Tuesday, October 15, 2019

Striking Accord: Tony-Winning 'Oslo' Given a Fine TimeLine Production in Chicago -- Chicago Theater Review

Theater Review

a recent play by J.T. Rogers
directed by Nick Bowling
TimeLine Theatre Company
at Broadway Playhouse
Presented by Broadway in Chicago
Thru October 20

In Amadeus, the 1984 film about Mozart adapted by Peter Shaffer from his own play—Shaffer also wrote Equus, which I recently saw for the first time—his patron, Emperor Joseph II, gives a small but condescending critique of one of the maestro’s compositions, saying:
"My dear, young man, don't take it too hard. Your work is ingenious. It's quality work. There are simply too many notes, that's all. Cut a few and it will be perfect."
To which Mozart sharply retorts:
“Which few did you have in mind, Majesty?” 
I feel it only fair to share this point of reference in suggesting that J.T. Rogers' Tony-winning 2016 play, Oslo—which is quite astute, enlightening and largely masterful—might have felt even greater to me were about 30 minutes cut from its 2 hour & 45 minute runtime.

Photo credit on all: Brett Beiner
Obviously, Rogers—whose The Overwhelming I also enjoyed several years ago—didn’t think there was any unneeded excess to his script, and in addition to the 2017 Tony for Best Play, it won a slew of other awards.

So who am I to say, and regardless I still highly recommend Oslo, which despite all its honors didn't get funding for a national tour so is being presented in Chicago--under the auspices of Broadway in Chicago--by TimeLine Theatre, long one of the city's best local troupes.

I am delighted for the exposure TimeLine is getting in staging this high-profile work within the Broadway Playhouse at Water Tower Place (rather than in its regular home in part of a church complex on Wellington Avenue).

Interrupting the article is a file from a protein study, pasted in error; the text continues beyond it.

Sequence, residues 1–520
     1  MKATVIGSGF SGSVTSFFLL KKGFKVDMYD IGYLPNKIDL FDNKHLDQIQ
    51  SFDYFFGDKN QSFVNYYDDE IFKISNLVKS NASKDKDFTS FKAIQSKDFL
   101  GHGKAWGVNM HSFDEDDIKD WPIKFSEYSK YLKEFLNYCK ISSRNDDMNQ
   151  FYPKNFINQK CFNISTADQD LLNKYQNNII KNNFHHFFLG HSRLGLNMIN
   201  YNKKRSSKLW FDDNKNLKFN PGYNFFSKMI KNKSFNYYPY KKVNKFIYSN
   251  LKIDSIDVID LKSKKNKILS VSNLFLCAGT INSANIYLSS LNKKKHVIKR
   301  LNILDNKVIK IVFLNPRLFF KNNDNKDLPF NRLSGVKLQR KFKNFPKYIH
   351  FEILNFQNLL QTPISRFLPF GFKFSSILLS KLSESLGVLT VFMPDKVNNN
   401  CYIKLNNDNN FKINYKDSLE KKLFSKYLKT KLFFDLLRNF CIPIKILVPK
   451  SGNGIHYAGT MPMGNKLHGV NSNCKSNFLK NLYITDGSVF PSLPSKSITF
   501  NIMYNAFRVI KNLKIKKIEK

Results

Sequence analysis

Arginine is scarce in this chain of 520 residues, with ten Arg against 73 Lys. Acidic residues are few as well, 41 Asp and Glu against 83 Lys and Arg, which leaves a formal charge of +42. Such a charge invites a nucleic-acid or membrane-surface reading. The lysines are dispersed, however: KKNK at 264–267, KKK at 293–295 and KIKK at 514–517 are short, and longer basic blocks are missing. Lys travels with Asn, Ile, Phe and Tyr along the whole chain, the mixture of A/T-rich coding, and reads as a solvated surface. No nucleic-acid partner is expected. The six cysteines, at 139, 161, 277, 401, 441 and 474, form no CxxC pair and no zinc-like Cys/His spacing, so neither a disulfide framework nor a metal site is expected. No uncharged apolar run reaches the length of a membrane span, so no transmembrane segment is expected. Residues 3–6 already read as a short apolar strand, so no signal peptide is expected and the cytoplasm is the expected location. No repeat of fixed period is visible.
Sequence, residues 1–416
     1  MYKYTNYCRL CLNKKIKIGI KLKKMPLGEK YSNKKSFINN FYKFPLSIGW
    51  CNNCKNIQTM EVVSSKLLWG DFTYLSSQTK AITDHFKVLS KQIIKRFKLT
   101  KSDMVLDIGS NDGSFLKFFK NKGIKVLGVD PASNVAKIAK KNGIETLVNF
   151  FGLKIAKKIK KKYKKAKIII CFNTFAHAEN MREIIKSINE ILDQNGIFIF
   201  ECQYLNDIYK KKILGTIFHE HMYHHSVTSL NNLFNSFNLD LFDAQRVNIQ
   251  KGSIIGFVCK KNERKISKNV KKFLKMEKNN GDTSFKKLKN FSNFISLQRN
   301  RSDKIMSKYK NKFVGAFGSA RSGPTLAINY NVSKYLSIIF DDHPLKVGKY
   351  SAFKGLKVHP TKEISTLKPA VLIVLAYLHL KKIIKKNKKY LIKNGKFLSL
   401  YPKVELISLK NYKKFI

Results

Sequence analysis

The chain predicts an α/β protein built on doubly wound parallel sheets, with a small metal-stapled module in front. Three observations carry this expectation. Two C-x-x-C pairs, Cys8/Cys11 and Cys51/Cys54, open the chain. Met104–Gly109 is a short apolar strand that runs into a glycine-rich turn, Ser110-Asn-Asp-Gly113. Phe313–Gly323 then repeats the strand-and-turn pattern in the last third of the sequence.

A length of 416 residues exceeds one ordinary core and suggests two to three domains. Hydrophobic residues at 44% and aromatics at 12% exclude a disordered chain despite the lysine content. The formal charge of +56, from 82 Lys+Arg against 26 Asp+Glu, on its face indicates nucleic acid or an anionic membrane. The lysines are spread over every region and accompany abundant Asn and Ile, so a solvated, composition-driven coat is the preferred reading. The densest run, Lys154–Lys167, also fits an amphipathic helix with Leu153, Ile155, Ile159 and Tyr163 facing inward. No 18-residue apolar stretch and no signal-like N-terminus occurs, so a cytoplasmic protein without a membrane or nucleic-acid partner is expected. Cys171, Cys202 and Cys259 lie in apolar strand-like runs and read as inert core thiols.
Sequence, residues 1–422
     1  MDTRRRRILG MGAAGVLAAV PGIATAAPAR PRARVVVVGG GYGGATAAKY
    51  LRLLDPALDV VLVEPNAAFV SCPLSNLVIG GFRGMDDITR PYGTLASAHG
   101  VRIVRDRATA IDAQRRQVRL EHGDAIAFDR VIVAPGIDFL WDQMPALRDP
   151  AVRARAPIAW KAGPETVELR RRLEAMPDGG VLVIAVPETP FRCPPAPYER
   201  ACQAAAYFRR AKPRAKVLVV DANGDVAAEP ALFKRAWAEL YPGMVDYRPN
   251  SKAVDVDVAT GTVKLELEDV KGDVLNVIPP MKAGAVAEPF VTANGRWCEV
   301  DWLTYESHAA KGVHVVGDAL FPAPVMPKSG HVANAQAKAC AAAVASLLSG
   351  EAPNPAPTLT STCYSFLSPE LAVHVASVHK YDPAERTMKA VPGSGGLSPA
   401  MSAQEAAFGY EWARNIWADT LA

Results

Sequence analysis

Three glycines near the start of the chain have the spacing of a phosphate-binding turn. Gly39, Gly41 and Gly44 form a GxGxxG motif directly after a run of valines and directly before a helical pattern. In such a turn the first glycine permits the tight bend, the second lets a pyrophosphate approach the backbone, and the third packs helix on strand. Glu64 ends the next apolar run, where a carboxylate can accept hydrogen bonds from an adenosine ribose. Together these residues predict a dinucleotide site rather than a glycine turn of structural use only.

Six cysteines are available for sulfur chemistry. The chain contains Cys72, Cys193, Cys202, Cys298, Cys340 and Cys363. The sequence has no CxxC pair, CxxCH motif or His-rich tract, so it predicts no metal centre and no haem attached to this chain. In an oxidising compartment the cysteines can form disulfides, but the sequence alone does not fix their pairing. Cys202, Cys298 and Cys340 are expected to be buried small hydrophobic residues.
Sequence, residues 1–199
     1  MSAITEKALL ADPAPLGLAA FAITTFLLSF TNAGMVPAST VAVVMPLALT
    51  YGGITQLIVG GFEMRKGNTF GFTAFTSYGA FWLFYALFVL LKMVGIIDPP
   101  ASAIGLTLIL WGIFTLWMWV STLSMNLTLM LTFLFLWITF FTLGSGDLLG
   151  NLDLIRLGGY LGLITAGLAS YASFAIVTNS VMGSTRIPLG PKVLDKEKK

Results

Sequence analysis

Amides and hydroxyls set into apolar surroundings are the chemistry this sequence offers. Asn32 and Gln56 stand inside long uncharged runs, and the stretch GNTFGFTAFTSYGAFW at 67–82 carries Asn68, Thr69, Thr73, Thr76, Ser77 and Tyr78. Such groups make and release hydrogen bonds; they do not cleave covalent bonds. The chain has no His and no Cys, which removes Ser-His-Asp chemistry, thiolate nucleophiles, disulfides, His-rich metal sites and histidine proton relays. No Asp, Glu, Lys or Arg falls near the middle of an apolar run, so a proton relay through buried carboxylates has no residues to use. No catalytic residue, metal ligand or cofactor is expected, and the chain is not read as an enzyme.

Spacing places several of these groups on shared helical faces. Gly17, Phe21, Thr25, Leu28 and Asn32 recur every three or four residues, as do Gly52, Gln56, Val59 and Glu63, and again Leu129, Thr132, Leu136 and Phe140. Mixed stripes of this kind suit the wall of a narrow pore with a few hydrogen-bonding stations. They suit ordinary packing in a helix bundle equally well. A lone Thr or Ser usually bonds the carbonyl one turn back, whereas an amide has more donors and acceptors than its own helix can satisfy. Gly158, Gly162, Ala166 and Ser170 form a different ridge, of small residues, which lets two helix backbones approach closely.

Though I didn't have time to read a lot of it, it's great that TimeLine is able to maintain its tradition of accompanying shows with informative background information on lobby displays, as well as publishing additional material in its Backstory pamphlet, which supplements the regular show program.

Oslo's focus on international diplomacy--specifically negotiations between Israel and the Palestine Liberation Organization (PLO) leading to peace accords announced in September 1993--reminded me of a play called Blind Date, about the first meeting between President Ronald Reagan and Soviet leader Mikhail Gorbachev.

But Oslo is considerably better than that work in almost all ways, including by focusing on negotiators a step--or several--below Israel Prime Minister Yitzhak Rabin, PLO Chairman Yassar Arafat and U.S. President Bill Clinton.

The Palestinians are primarily represented by Arafat subordinates Ahmed Qurie (Anish Jethmalani) and Hassan Asfour (Amro Salama), while a rumpled economics professor named Yair Hirschfeld (Ron E. Rains) is initially selected by Deputy Minister of Foreign Affairs Yossi Belin (Stef Tovar) to negotiate on behalf of Israel, with Uri Savir (Jed Feder) also getting involved. An attorney named Joel Singer (Tom Hickey) later takes a key seat at the table.

All these roles are well played, and under the fine direction of Nick Bowling, Rogers' deeply-researched script incorporates a surprising amount of humor and humanity into the clandestine negotiations that largely take place in Oslo, the capital of Norway.

But the heart of the play--which features a 13-person cast, and that's with some actors playing multiple roles--comes in enlightening the world to the behind the scenes involvement and importance of Norwegian couple Terje Rød-Larsen (an excellent Scott Parkinson) and Mona Juul (Bri Sudia,  terrific again as in TimeLine's A Shayna Maidel and several musicals).

Terje is a professor who runs a think tank/aid organization with the help of Mona--who is also a noted diplomat--and they essentially push for the Israel-PLO summit to happen, initially quite secretly.

There's a lot going on, and its to Rogers' great credit--as well as Bowling and the excellent cast here--that despite the subject matter, it's eminently watchable and far more powerful than ponderous.

Yes, as I opined to open, the play feels long, particularly the first act, where it seemed there could be fewer scenes with the various negotiators involved.

Certainly, heading downtown after a workday in the far north suburbs wasn't ideal for me staying pinpoint sharp throughout, but Oslo did hold my attention, while considerably entertaining and enlightening me.

It is an excellent play that demands being seen.

Perhaps even more if there was just a bit less.

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